Warranty

We back each Analog:Shift vintage timepiece with a one-year mechanical warranty from the date of purchase.

International Buyers

Please contact us prior to purchase for additional details on shipping and payment options.

Shipping & Returns

+

All of our watches include complementary insured shipping within the 50 states.

Most of our products are on hand and will ship directly from our headquarters in New York City. In some cases, watches will be shipped directly from one of our authorized partners.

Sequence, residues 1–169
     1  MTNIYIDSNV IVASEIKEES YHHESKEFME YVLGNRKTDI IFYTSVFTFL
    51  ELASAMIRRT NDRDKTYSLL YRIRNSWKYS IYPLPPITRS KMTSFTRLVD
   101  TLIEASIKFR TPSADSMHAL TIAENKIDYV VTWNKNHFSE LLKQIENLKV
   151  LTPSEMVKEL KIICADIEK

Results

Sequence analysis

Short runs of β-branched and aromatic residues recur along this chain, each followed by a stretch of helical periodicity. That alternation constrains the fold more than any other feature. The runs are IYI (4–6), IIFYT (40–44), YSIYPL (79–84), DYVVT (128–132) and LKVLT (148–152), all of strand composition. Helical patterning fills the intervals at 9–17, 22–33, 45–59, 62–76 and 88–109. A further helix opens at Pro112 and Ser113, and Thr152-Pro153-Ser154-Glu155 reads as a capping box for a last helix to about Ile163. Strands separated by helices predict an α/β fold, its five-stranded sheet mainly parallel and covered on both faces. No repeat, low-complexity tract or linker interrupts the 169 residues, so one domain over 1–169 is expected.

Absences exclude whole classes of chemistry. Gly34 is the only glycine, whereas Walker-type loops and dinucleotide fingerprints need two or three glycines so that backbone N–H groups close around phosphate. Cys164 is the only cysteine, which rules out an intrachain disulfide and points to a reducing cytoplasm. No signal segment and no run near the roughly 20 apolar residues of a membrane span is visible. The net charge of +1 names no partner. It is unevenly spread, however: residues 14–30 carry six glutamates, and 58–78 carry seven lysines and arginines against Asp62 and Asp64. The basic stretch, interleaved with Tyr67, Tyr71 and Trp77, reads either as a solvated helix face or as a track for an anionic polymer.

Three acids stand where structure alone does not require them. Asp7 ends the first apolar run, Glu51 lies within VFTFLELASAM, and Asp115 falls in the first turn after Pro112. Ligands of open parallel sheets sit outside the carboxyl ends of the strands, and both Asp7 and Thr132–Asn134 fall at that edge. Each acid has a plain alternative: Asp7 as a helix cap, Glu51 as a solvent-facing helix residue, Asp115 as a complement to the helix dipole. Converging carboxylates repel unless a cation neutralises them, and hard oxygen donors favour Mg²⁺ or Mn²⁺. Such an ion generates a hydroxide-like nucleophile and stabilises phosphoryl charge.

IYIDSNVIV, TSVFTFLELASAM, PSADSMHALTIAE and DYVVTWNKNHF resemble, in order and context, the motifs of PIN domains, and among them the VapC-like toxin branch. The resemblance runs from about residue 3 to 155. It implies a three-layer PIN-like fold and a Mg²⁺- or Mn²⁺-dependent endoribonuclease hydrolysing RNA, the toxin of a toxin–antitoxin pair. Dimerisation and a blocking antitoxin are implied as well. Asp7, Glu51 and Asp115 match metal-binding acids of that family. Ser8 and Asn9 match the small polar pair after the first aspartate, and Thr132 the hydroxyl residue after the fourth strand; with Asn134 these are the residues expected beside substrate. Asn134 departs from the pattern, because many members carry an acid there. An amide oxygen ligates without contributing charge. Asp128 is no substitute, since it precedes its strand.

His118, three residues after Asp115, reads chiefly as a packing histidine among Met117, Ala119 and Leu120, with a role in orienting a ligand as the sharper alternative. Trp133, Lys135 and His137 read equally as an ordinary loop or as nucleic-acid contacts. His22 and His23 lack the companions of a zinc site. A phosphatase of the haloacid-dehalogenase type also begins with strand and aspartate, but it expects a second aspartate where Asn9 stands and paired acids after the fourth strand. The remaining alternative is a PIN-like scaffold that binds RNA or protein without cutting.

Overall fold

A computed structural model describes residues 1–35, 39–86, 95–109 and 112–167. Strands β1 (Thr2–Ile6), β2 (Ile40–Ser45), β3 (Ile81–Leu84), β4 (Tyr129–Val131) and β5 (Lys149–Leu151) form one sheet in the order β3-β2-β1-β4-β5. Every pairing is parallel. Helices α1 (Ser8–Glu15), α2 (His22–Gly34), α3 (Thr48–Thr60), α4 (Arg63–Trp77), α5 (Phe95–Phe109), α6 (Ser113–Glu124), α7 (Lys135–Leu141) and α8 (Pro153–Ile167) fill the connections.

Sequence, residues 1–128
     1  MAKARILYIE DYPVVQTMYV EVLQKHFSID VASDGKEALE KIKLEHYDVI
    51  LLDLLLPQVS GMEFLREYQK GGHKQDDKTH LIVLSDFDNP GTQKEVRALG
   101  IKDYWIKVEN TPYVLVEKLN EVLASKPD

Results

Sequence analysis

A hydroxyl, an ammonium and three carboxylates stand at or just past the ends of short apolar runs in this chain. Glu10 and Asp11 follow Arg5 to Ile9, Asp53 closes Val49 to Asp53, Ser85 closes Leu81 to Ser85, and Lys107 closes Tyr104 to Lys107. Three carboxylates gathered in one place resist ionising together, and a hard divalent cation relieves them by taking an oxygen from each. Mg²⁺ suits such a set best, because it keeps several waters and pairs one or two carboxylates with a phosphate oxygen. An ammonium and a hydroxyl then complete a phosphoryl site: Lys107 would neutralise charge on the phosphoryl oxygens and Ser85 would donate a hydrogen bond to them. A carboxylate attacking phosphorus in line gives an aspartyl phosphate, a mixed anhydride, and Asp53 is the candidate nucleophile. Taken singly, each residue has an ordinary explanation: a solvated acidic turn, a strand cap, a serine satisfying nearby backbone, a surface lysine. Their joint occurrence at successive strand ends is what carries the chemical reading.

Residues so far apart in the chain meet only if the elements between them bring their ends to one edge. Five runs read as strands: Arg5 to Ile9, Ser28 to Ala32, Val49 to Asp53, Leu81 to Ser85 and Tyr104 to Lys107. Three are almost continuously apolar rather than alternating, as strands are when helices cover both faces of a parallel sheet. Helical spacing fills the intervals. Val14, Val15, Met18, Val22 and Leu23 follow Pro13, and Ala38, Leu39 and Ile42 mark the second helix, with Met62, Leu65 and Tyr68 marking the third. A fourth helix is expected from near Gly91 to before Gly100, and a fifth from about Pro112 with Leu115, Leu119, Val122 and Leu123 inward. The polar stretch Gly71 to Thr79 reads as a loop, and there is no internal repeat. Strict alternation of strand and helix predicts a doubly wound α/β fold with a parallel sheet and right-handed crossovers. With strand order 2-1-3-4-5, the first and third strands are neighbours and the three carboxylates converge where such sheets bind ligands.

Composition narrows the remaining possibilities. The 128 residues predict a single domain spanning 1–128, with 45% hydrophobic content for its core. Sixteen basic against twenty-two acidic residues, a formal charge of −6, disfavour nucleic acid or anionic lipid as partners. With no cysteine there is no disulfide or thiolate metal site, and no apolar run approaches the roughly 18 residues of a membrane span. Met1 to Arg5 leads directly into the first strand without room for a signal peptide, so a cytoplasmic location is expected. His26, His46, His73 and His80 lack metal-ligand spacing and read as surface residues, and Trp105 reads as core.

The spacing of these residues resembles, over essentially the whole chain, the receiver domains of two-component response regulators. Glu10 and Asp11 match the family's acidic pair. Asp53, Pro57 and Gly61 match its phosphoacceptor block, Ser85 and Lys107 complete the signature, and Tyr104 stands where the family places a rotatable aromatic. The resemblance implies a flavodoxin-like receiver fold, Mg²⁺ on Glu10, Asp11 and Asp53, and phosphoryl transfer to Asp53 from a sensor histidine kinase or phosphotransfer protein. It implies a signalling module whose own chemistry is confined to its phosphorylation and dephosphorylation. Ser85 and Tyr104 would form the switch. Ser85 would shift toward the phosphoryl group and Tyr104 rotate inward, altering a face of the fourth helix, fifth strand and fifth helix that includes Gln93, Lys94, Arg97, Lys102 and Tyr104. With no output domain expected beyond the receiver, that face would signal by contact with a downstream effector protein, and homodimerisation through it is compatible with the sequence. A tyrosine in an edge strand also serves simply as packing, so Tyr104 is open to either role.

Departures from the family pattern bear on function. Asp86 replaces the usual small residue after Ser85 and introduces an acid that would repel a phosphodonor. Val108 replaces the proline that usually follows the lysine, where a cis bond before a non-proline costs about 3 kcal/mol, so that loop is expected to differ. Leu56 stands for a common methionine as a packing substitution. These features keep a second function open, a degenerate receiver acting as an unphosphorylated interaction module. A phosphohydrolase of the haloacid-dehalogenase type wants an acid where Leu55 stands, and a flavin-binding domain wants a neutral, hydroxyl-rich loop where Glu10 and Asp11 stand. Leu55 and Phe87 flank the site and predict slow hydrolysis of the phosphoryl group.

We generally ship our products via FedEx, fully insured, within 5 business days of purchase. An adult signature is required for receipt of all packages for insurance purposes. Expedited shipping is available at an additional cost. We are also happy to hand deliver your purchase in Manhattan or you may pick it up at our showroom.

Returns must be sent overnight or by priority international delivery, fully insured and paid for by the customer. A restocking fee may apply. Watches must be returned in the same condition as initially shipped.

We welcome international buyers, please contact us prior to purchase for additional details on shipping and payment options.

Inquire